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Starring Nelly, Dean Winters, Zoe Saldana; featuring Sam Jones III
Written and Directed by Rich Murray

IN SHORT: a gangsta murder mystery. [Rated R for violence, language, some drug use and brief nudity. 107 minutes]

OK, everyone who remembers the Herman's Hermits movie, raise your hand!

OK, then, everyone who is going to remember "superstar rapper" Nelly's debut, do the same. We thought so.

"Superstar" by our definition, just so there's no accusation of racism or sexism or ageism etcetera, is a term we think should only be applied to a performer whose name is recognized by those of us Great Unwashed that have no reason to know why said Performer is famous. It used to (and probably still should) mean a performer who achieved success in at least three modes -- we don't particularly care for Liza Minelli, either, but she's gone successfully whack on the Broadway stage, on film, as a recording artist and in Vegas. Nelly is a rapper whose act may or may not be limited to being an in your face guttermouth punk with diamonds in his teeth. We don't know. We've never heard of the man before seeing Snipes and had to check the credits to figure out who the hell he was. Who he is, in this particular case, is a minor, as in barely supporting, member of the secondary cast of a movie which is much, much better than anything we had expected. Perhaps, like Will Smith or Ice Cube before him, the man will learn to act one day. Time will tell.

The unfortunate aspect of all of is that the total smoke and mirrors misdirection of Snipes' marketing plan may very well keep it from the African-American (and youngster gangsta wannabees, regardless of race) that would be its primary target. We'll ignore the fact, if you haven't picked up on it as of yet, that we find most rap and all gangsta rap lingo offensive and that our ghetto props are almost nil (we did six months at Tommy Boy records back in the mid-80s, but that was before hip-hop mutated into gangsta). We will emphasize the fact that, once you get bored with the language, writer/director Rich Murray has put together a story that works very well, mixing all the gangsta stereotypes that a dumb old white guy like Cranky has wasted half a page dissing, with a healthy appreciation for Shakespearian blood and violence.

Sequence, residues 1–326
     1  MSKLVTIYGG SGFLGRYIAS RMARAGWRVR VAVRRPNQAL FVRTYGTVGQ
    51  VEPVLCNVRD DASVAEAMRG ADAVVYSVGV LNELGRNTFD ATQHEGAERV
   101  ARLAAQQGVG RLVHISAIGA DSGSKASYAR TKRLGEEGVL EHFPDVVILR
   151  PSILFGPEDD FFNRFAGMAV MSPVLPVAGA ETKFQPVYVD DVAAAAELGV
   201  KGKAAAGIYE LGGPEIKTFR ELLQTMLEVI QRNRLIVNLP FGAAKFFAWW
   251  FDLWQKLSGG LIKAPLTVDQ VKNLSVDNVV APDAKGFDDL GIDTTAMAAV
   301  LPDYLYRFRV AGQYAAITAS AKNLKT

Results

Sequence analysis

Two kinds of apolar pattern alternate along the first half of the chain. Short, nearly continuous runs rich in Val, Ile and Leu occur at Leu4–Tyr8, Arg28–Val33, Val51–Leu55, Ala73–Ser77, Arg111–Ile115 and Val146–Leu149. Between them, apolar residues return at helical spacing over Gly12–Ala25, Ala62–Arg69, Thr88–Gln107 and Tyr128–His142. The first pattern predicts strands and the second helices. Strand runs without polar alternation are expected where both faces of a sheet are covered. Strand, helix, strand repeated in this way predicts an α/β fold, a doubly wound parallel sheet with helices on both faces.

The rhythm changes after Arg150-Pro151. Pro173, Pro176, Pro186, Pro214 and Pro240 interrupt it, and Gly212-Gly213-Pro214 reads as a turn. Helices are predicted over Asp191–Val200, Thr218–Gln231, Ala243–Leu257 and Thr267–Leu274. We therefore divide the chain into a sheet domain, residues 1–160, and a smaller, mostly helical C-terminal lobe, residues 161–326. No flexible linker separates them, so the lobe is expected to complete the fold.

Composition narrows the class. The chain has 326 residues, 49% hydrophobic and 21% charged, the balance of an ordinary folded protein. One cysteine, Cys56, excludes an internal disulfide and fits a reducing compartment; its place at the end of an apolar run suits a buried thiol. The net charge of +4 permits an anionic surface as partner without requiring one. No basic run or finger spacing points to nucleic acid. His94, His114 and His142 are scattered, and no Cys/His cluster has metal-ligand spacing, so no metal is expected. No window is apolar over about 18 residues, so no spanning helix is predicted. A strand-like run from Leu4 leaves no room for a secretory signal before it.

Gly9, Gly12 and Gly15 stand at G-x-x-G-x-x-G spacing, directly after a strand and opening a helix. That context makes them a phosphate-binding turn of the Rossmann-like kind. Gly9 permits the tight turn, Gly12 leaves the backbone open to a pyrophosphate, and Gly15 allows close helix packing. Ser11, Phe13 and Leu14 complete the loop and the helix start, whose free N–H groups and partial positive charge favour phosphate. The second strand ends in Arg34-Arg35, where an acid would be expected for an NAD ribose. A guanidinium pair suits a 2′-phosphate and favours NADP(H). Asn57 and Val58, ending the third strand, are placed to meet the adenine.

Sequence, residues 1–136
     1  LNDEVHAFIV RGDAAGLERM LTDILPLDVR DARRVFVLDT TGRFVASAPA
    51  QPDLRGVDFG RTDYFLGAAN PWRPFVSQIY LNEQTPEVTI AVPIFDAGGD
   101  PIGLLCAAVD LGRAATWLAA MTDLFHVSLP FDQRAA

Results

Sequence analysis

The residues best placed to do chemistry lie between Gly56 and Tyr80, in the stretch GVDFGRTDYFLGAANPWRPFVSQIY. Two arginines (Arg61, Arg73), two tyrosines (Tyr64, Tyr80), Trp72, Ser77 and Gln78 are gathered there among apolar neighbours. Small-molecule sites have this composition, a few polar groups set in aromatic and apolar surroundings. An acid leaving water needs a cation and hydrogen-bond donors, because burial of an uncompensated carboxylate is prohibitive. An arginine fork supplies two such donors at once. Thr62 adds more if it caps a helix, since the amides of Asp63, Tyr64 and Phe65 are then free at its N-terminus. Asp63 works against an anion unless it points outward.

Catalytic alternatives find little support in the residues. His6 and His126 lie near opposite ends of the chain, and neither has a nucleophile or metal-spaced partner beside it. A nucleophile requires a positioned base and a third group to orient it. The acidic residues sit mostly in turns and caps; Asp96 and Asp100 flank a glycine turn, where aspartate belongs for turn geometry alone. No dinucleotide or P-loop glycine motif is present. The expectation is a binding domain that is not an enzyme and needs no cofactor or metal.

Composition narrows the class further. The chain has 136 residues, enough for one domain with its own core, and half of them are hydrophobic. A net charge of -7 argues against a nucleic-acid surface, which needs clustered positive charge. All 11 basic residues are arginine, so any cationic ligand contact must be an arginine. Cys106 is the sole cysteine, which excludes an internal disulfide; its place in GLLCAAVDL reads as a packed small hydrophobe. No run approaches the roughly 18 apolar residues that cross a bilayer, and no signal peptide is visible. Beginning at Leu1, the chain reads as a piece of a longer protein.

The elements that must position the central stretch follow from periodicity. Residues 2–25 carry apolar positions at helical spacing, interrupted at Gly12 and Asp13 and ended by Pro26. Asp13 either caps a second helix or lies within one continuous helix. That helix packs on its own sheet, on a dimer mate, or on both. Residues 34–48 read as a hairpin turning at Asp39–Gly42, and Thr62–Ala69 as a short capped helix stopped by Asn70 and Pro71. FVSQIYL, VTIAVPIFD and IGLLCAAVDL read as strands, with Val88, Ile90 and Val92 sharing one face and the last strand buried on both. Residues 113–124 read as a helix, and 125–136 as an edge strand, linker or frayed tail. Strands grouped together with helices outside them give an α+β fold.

The true star of Snipes is Sam Jones III, recognizable from his teevee role on (the recommended Superman retcon) Smallville. Jones is Erik Triggs, who has a part time gig for Ill Wind Records, plastering posters for their red hot rap artist Prolifik all over Philadelphia. Prolifik's initial single has been #1 on the charts for sixteen straight weeks. His finished, debut CD is long overdue. This annoys the hell out of label head Bobby Starr (Dean Winters) who lambastes producer Midas (Victor Togunde) for not getting the job done. When Prolifik (Nelly) -- real name Clarence Eubanks. Hell, we'd change it, too -- busts in to Starr's office demanding more money, he's told to read his contract. No cash until the album is delivered, period. Starr's under the gun because he's promised the record to distributors, like, yesterday. He's also getting a number of calls from a certain Johnnie Marandino (Frank Vincent) who, as anyone with a movie IQ greater than 3 can tell you, is your friendly neighborhood mobster.

Triggs likes the taste of the red hot record life. He'd also like a taste of Ill's marketing director Cheryl (Zoe Saldana), but that ain't gonna happen. His best friend Malik has illusions of becoming a famous rapper like Prolifik. He's already got the money spent on a Lexus and a new house for his grandmother, though his demo is unfinished and he spends most of his free time sucking on a bong. Erik, himself dabbling with the street name "snipes," has been offered a management stake by Neeno (formerly Malik).

We should emphasize at this point that Erik is a straight shooter. He doesn't partee! He doesn't do drugs or drink or curse. His mom is gone but his dad, when they actually see face to face, is hard-assed about his son's habit of skipping school -- tacking up posters all night is a tiring business. Dad brought home an Application for Work for Erik to fill out. The wheels have been greased but Erik has no intention of spending his life sorting mail like pops. Pops tells him to fill out the application by the end of the weekend or get the hell out of the house.

With incentive like that, Erik steals the key for the label's recording studio, intending to get Malik/Neeno's demo finished.What they find in the studio is a freshly lit spliff, a lot of blood and a couple of bodies. They book but, in the process, our would be rapper leaves his tapes behind. From here on in, Men With Guns are after our pair, since Prolifik's master tapes have disappeared and Bobby Starr assumes that MalikNeeno is the culprit. When Starr can't get what he wants out of MalikNeenoDeadStonerOnThe Street, he comes gunning for Erik, threatening to chop Pops into doggie sized kibble. More than that we won't spill.

Except that, of all the characters we've met, Erik is the only one that isn't strapped. That means everyone else has a gun in their belt. That will change, in an unforeseen way, as the psychos and mafia men come up against the will of a man who really doesn't want to get snuffed for something he didn't do.

On average, a first run movie ticket will run you Ten Bucks. Were Cranky able to set his own price to Snipes, he would have paid . . .


Snipes, a gangsta rapper murder mystery (once you shut off your obscenity filters) is a good sit. There's a helluva lot more humor in the piece than you'd guess from the nitty-gritty-ness of the above description.

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